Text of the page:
This is Part I. For Part II, click here.
Under a perigee sun, in a desert village twelve kilometers west of the great metropolis, Sher’tlaa, in the stoney, black foothills by the sea, there lived a young girl. She had the aspect of the mythic Amazon; tall, tightly muscled, but lean; the hardened body of her father, Kuwshad, no doubt, and filled to her fingertips with the uncompromising compassion of her mother, Zengwap.
The village was small and intimate; six dirt huts, arranged at different heights, clung to the boulders like squat mushrooms with straw hats that hung two feet out over the sides of the hut’s dirt exterior. Each door was cut to face east. In their thresholds unique displays were arranged, signifying to the other families the identity and nature of that hut’s residents.
The young girl’s baby sister had not yet grown into her name, but she liked to call the infant Buchwek; little pig, because the child rooted so intently at her mother’s breast and snorted as she drank, never eating her fill, and always remaining a small, skinny child.
Buchwek had not lived a month before her mother grew wide with child again. To this, at least, her father rejoiced. His opportunity for a son had arrived; he had not been cheated by the gods, his blood was not doomed to die to dust. He could not risk to lose his unborn son. After a third child his wife’s health would make it difficult; if she survived the birth at all.
Zengwap struggled to feed herself enough to nurture Buchwek, but had not succeeded in keeping either of them healthy. She could not hope to feed a new child. She wept every night. Her sorrow was so much, that one day, the mother grew very ill; so ill that she could not stand up from bed or lift her head to drink water from the cup. So the girl’s father took her aside and said to her, “Your mother is ill, and shall loose the child if something is not done. We have no money for the medicine from the city, but I am not without hope.
“Zengwap is underfed and requires a medicine that I can mix, but its ingredients come from rare plants. I cannot hope for you to aquire them all in time, as much as I cannot expect a girl of twelve to go on the hunt and bring home food while I acquire the plants myself . . .
“I must hunt, or the village will exile us for not participating, and then we shall all die. I will be gone for several days. You, daughter, must go into the high mountains. There you shall meet Hazarchereh; Goddess with Many Faces, and you will ask her what it is we shall do.”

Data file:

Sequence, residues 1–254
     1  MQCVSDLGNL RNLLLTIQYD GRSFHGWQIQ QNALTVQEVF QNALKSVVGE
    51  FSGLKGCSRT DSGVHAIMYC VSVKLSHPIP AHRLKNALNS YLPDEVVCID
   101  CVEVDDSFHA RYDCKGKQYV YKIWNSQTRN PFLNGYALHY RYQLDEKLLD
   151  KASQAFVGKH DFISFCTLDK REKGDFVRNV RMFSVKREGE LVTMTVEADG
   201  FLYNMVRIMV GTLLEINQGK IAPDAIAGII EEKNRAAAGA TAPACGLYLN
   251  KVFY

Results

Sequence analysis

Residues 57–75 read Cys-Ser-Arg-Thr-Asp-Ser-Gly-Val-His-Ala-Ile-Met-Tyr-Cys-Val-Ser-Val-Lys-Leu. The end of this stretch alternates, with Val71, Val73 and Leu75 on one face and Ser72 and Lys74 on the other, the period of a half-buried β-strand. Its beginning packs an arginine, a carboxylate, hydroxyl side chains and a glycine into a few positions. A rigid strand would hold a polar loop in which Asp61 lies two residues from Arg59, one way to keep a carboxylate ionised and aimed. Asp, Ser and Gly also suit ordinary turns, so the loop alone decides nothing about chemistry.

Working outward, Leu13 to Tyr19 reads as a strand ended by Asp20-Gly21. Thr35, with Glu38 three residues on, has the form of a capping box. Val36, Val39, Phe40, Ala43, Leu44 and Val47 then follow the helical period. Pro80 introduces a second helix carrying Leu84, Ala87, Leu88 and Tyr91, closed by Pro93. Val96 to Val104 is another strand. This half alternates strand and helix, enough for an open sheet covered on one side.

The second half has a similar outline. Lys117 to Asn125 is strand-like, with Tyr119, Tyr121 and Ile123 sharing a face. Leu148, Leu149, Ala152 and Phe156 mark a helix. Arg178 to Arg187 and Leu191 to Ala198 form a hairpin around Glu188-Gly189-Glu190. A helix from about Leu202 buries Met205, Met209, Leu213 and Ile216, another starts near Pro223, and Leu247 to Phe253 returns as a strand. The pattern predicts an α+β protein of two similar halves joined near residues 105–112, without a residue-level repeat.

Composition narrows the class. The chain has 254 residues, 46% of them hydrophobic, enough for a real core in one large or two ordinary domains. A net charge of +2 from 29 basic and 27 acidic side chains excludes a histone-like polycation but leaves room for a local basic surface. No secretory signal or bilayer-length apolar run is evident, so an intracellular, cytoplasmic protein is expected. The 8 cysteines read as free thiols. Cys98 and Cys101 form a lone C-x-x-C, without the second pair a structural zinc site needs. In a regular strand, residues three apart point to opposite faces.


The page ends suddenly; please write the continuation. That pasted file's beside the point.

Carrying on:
The girl cried out in grief. “But father,” she said, “the mountains are full of snakes and I shall be killed if I venture into their wilderness. I have not yet become a woman of the village.” She held his hands as she told him, wringing them, turning them slick with her tears.
Kuwshad saw the despair in her face and his heart ached. He said, “If you succeed in this, you will be a hero, not just for your mother, but for the anyone in the village who might still fall ill. You will have secured your family’s survival. You must do this thing. I must go to hunt.” His daughter had questions, but Kuwshad refused to speak of it any longer. He gave his daughter a copper blade, hung it in the crook of the her elbow; he gave her protective amulets, rocks of the far valleys, and bones to wear around her neck and ankles. Kuwshad kissed his daughter on the forehead. Before the sun climbed the sky on the next day, the girl’s father and the rest of the able men of the village left on the hunt; gods willing, to bring home life to their people. The girl, meanwhile, had only the weight of three lives in her hands, her mother’s, her unborn brother’s, and baby Buchwek; not a whole village of men and elders and women and children like her father, but she couldn’t help but feel like the weight of the universe had been lashed to her back and crushed the air from her words.
The evening that her father left, the young girl kissed her mother and sister goodbye, allowing them to lay hands on her head, and for her mother to cry over her and say the hunter’s prayer, only changing the words so she spoke to, “strike not down my [daughter] to the dust”, instead of the usual, “strike not down my [warrior] to the dust”, and leaving out the more gruesome specifics of the referenced prayer.
Then, after all was said, the young girl set off, determined to find Hazarchereh; Goddess with Many Faces; hidden somewhere in the high mountains, and persuade her to save a mere mortal woman’s life, offering no more than the sweat on her back in return. The young girl disappeared into the cool of the night, shivering as she stepped, not knowing who she might meet, or if she was ever to return home again.
This was a fun story sketch I worked up this morning and have been playing with today. I hope you enjoyed the read; if so, please check back soon for Part II of this story.